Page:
Hong Kong’s Polytechnic University tightens campus access ahead of protest anniversary



a person that is on fire: Clashes break out between riot police and radicals at Chinese University last year. Photo: Felix Wong


© SCMP
Clashes break out between riot police and radicals at Chinese University last year. Photo: Felix Wong

A Hong Kong university has tightened campus access by refusing entry to most visitors, ahead of the anniversary of a 13-day siege last year which turned its campus into a battleground between radical anti-government protesters and police.

Polytechnic University on Friday adopted a raft of measures to strengthen campus security, including installing turnstiles at all entrances and requiring visitors to register via students or staff before their visits.

On November 17 last year, radical protesters on the campus engaged in violent confrontation with police, hurling petrol bombs at officers, who in turn used tear gas to disperse the violent mob. The force later declared the unrest a riot and laid siege to the campus for a fortnight.

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The scenes from the university during the two weeks last year were among the most violent portrayals of the city’s social unrest.

The varsity in Hung Hom and Chinese University (CUHK) in Sha Tin suffered the most damage as violent protesters occupied several campuses across the city.

Sources told the Post that PolyU management had recently decided to further tighten access control, restricting access only to staff, students and pre-authorised persons in charge of essential duties on its campus between November 6 and 30.

Most visitors would not be allowed on the campus except those with special approval from department heads or their delegates “based on solid evidence for the essentiality of campus access”, a letter sent to staff by the university read.

Parents searching for children among PolyU protesters get caught in police lockdown

The development came as the heads of two Hong Kong universities seeking to expand were pressed by pro-establishment lawmakers on Friday over security and safety on campus, following the social unrest.

Members of the education panel were discussing campus development plans for CUHK and the University of Hong Kong (HKU), with vice-presidents Eric Ng Shu-pui and Alfonso Ngan Hing-wan, when lawmakers raised the issue almost one year after at least six university campuses in the city were occupied by protesters.

CUHK in Sha Tin wants to build a HK$1.4 billion research laboratory building, whereas HKU wants to construct a HK$1.1 billion research laboratory building and information technology building on its main campus in Pok Fu Lam.



a group of people standing next to an umbrella: Students protesting at Chinese University throw obstacles onto the Tolo Highway in Sha Tin. Photo: Sam Tsang


© Provided by South China Morning Post
Students protesting at Chinese University throw obstacles onto the Tolo Highway in Sha Tin. Photo: Sam Tsang

At CUHK, protesters threw objects from a bridge on campus onto the road and railway tracks beneath to block traffic, sparking a five-day occupation from November 11 last year, which saw a series of violent clashes between radicals and police.

Although university campuses were open to the public before the protests, most institutions have strengthened security measures since, with some installing gates, and others requiring those who enter the campus to register.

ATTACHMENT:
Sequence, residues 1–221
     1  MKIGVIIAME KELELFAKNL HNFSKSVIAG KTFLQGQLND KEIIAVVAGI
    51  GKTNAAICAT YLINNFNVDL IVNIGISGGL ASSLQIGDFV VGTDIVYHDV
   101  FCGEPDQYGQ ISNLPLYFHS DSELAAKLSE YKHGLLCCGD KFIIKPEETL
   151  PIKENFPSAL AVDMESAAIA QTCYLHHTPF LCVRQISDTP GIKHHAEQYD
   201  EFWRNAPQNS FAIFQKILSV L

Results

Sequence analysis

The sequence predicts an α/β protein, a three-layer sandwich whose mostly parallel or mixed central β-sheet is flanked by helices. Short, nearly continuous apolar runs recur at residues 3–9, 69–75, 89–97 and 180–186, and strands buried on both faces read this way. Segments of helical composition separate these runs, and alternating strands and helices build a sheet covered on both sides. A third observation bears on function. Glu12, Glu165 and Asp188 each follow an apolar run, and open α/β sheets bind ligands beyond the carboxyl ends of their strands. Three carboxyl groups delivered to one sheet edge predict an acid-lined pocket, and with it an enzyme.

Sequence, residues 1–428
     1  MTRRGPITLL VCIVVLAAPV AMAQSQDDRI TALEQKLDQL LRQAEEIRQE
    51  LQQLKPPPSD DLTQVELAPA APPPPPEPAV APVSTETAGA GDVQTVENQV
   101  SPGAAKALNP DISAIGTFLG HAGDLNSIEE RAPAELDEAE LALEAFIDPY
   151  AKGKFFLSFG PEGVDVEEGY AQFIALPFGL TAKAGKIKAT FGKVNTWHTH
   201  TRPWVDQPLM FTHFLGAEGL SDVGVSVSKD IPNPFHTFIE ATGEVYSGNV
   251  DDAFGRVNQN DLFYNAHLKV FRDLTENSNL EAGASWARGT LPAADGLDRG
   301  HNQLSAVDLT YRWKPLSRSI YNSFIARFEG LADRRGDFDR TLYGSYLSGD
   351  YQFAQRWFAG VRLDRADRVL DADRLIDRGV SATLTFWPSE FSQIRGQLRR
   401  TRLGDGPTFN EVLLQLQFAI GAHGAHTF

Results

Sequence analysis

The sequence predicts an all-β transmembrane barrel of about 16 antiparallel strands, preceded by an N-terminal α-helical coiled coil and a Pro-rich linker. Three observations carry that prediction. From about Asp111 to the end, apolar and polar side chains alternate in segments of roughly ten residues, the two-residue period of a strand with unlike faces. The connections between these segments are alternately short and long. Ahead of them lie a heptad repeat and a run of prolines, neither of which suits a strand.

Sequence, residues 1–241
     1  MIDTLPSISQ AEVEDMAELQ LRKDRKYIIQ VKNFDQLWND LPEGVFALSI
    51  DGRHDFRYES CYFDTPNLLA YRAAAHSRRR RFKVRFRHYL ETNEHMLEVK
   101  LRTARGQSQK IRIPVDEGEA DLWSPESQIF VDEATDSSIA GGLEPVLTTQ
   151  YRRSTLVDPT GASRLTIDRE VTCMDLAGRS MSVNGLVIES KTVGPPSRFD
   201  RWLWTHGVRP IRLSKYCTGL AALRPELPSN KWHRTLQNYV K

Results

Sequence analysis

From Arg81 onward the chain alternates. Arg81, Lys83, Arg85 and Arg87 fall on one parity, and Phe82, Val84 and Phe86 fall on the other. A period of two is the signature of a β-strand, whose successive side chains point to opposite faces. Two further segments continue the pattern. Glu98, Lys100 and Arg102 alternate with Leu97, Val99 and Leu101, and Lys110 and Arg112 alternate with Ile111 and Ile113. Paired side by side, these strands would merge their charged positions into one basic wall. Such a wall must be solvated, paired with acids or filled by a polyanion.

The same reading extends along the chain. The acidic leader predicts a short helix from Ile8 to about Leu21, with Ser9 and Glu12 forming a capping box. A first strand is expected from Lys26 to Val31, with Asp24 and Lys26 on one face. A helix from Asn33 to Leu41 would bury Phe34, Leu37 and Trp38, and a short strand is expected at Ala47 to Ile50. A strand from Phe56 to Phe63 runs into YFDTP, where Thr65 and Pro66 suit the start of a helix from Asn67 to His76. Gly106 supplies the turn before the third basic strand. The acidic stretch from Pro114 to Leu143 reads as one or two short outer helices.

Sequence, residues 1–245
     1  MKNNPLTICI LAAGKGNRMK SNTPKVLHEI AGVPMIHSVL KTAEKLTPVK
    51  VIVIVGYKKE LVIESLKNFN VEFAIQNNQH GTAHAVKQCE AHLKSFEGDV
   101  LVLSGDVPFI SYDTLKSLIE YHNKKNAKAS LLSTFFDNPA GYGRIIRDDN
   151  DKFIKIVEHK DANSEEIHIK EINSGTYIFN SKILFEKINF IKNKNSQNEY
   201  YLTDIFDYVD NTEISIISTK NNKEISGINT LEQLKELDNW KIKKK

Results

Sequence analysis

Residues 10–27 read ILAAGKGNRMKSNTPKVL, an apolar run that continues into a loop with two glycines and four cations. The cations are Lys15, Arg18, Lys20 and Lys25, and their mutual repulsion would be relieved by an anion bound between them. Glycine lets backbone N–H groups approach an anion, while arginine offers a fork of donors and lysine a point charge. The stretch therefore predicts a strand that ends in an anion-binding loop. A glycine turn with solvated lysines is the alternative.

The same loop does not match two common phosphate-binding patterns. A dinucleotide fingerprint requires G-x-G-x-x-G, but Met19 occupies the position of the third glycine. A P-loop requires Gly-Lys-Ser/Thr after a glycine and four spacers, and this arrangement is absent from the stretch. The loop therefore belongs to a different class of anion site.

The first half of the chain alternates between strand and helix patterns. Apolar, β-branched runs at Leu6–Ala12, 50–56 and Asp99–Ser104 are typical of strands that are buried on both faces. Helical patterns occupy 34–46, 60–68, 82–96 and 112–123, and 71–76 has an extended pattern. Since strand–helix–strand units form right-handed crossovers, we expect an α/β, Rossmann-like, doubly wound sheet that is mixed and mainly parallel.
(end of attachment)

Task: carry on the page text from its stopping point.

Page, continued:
Most of the lawmakers who spoke during the meeting said they supported the proposed construction plans, but some raised concerns over campus security and safety.

“I felt heartbroken seeing scenes (of occupation) … including the MTR station at Chinese University being severely vandalised,” said Eunice Yung Hoi-yan, of the New People’s Party.

“A university should be able to protect its students and citizens, how could the campuses be damaged in such a serious manner?”

Chinese University threatens to cancel event marking campus occupation

Alice Mak Mei-kuen, of the Hong Kong Federation of Trade Unions, questioned the university heads about security in the future.

“Last year, several university campuses were vandalised, including Polytechnic University’s laboratory seeing (materials) being stolen,” Mak said. “Although university campuses should not be entirely (closed to the public) … how can you ensure the security of facilities and the safety of students, staff and alumni?”

Ng, CUHK vice-president of administration, said they were “deeply concerned” about campus security after last year’s incident, adding security had already been strengthened.

“We still hope that the campus can be opened to others apart from only members of the university,” he said. “Those who enter the university have to have their identities checked, as well as inform us about their reasons for entering.”

He added the university had also sought help from a consultant to offer advice on strengthening overall safety, including in terms of security personnel arrangements.

Opposition lawmakers also backed the building plans, including Roy Kwong Chun-yu from the Democratic Party, who urged the government to ensure construction remained on track.

Priscilla Leung Mei-fun, of the Business and Professionals Alliance for Hong Kong, and chairwoman of the panel, expressed concern about character education among university students, and said it was imperative that students’ moral quality should be raised.

Ng said the university had been reviewing its curriculum, and moral education would be strengthened over the coming few years.

With no objections from lawmakers on the education panel, the building plans will move on to be discussed by the Public Works Committee.

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